What New York's 'innovation network' might look like
When Gov. Andrew Cuomo put forward his economic development agenda in his State of the State address in early January, he outlined his plans to grow innovation and entrepreneurship. He spoke of a new venture capital fund, the commercialization of academic research and providing support for startups.
When he talked about the need to bring more academic research to the marketplace - a linchpin of regional economic growth - Cuomo pointed to a program in San Diego that has 25 years doing just that. It's called CONNECT.
Since being formed in 1985, CONNECT has assisted in the development of 3,000 companies in southern California, according the group's CEO Duane Roth. CONNECT formed on the campus of the University of California San Diego at time when defense spending, a major element of San Diego's economy at the time, was declining.
Upstate New York is in a similar position. The state is still working to redefine its post-industrial economy, but schools like the Rochester Institute of Technology and Cornell University bring in millions of dollars of academic research.
More than "just publishing papers"
CONNECT in San Diego works with engineers and scientists doing federally funded research on college campuses and tries to connect them with companies - startups or much larger ones - that could turn their work into a sellable product. Or if those researchers want to become entrepreneurs themselves, they'll help with that too, Roth says.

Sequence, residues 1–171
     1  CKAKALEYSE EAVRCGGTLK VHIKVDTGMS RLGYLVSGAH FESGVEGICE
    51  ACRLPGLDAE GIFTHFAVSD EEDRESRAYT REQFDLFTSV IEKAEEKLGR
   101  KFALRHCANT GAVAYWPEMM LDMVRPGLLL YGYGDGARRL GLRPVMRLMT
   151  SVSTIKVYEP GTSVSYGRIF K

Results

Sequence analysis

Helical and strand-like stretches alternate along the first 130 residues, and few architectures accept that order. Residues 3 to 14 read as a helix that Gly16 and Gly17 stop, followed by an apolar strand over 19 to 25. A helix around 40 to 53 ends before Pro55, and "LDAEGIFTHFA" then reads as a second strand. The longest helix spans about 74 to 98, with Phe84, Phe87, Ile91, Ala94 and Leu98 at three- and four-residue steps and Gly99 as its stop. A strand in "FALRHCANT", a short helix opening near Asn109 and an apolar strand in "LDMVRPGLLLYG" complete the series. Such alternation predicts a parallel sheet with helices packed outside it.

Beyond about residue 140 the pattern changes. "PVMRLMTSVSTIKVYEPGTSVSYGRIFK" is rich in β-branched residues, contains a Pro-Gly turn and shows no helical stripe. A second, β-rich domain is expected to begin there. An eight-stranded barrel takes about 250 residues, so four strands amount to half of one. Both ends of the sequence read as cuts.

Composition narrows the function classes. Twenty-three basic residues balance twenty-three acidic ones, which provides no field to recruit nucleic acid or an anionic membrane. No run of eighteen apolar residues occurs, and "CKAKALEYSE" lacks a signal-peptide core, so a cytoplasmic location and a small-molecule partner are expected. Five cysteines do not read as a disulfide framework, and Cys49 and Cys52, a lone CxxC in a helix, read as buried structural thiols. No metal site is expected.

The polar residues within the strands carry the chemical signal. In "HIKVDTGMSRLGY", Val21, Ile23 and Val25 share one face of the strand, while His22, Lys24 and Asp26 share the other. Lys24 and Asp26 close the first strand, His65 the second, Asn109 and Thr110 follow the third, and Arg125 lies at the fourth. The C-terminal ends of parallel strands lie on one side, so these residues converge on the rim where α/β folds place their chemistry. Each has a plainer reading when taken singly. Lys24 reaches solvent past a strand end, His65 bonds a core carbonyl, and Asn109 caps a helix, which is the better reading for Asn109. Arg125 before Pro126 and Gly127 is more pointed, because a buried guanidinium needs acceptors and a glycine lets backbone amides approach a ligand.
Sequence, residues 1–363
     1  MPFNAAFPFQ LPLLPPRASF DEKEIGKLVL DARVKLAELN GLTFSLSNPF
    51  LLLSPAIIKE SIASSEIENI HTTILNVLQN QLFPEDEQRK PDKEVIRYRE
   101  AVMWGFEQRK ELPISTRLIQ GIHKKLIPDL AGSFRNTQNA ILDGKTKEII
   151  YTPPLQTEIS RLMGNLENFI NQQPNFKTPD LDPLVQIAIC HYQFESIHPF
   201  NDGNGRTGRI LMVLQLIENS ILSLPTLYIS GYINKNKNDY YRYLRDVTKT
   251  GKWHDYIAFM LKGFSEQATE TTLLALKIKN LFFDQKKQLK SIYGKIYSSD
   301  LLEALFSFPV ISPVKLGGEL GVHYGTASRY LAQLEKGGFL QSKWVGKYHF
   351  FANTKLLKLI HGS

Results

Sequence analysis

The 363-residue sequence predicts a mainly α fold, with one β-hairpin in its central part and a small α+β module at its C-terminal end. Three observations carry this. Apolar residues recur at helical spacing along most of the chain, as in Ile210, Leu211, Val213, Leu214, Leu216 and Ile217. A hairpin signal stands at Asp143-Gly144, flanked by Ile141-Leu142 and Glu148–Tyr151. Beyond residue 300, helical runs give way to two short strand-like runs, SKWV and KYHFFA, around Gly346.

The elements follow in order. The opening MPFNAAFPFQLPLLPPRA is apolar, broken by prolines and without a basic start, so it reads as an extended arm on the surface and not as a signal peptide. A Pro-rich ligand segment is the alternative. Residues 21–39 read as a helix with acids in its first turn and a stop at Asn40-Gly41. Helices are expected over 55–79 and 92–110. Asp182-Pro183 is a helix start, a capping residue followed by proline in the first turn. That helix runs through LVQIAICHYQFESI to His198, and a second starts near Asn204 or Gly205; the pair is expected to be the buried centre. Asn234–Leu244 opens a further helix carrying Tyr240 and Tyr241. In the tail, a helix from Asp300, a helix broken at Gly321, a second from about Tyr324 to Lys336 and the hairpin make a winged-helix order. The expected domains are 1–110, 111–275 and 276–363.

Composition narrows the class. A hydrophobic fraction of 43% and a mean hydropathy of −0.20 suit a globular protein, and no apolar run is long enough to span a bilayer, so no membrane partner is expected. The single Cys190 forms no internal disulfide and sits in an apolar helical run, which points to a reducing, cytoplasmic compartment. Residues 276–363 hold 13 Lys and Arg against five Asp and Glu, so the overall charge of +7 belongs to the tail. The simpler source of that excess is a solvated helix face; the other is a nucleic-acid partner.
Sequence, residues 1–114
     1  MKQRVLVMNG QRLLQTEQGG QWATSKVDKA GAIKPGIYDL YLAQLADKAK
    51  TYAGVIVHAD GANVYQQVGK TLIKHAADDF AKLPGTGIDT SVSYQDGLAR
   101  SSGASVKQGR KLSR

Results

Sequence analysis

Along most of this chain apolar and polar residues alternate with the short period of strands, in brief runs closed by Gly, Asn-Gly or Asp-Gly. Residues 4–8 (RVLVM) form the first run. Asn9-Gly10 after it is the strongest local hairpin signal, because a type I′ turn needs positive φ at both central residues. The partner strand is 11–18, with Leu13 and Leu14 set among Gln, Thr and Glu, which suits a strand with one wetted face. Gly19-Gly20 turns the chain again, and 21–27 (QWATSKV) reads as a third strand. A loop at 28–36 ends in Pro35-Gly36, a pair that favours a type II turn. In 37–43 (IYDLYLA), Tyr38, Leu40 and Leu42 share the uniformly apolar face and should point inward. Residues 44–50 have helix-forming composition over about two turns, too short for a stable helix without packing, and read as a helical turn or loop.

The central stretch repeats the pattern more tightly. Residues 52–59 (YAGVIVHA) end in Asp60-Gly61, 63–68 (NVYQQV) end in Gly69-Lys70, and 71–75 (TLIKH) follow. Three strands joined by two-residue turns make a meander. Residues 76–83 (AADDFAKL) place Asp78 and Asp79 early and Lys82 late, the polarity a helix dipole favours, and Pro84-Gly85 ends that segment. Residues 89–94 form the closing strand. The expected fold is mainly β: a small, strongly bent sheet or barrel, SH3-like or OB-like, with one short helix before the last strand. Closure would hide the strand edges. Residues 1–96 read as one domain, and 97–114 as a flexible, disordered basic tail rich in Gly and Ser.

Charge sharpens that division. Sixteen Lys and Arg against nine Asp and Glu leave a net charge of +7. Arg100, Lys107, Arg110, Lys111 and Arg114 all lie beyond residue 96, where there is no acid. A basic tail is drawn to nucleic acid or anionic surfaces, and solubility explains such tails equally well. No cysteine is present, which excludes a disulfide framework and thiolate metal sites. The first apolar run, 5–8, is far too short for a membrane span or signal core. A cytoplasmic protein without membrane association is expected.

"So instead of just publishing papers with findings, asking the question 'could this lead to a new, innovative product?' And if that were the case, could we mentor them and get them ready to get that idea funded so they could take it towards the commercial market," Roth explains.
CONNECT has since become its own nonprofit effort, relying on membership dues from potential investors and interested companies. Roth says by keeping people from every level of the process involved, it makes sure everyone "has skin in the game."
"So we did the way where everybody was not supporting the organization financially, but also supporting it by getting actively engaged in our programs, mentoring, and doing all of the things that we do," he says.
New York may have a challenge in creating that same type of environment since its network will be government-run.
CONNECT operates on a smaller scale than what Cuomo envisions for his state-wide Innovation New York Network, but a state-wide network would be smaller than what some analysts are calling for.
The Brookings Institution recently published a paper calling for a national network of innovation hubs. The report calls for the creation of 20 high-tech 'hubs' around the country.
The paper says: "such a build-out could at once scale-up two existing programs while packaging them appropriately as a single transformational initiative for renewing the U.S. economy."
"We have to enhance the competitiveness of the U.S. advanced industrial base to sustain any kind of U.S. economic leadership and create high quality jobs," co-author Devashree Saha told the Innovation Trail.
Saha points to Virginia as a site that has a program similar to what New York is hoping to establish.
Roth now boasts that southern California's innovation economy is responsible for 5 percent of the region's employers, 10 percent of its employees in the county and a quarter of the area's payroll.
"That's why it has had such a huge impact here, but that happened all in 30 years; that's not a long time," he says.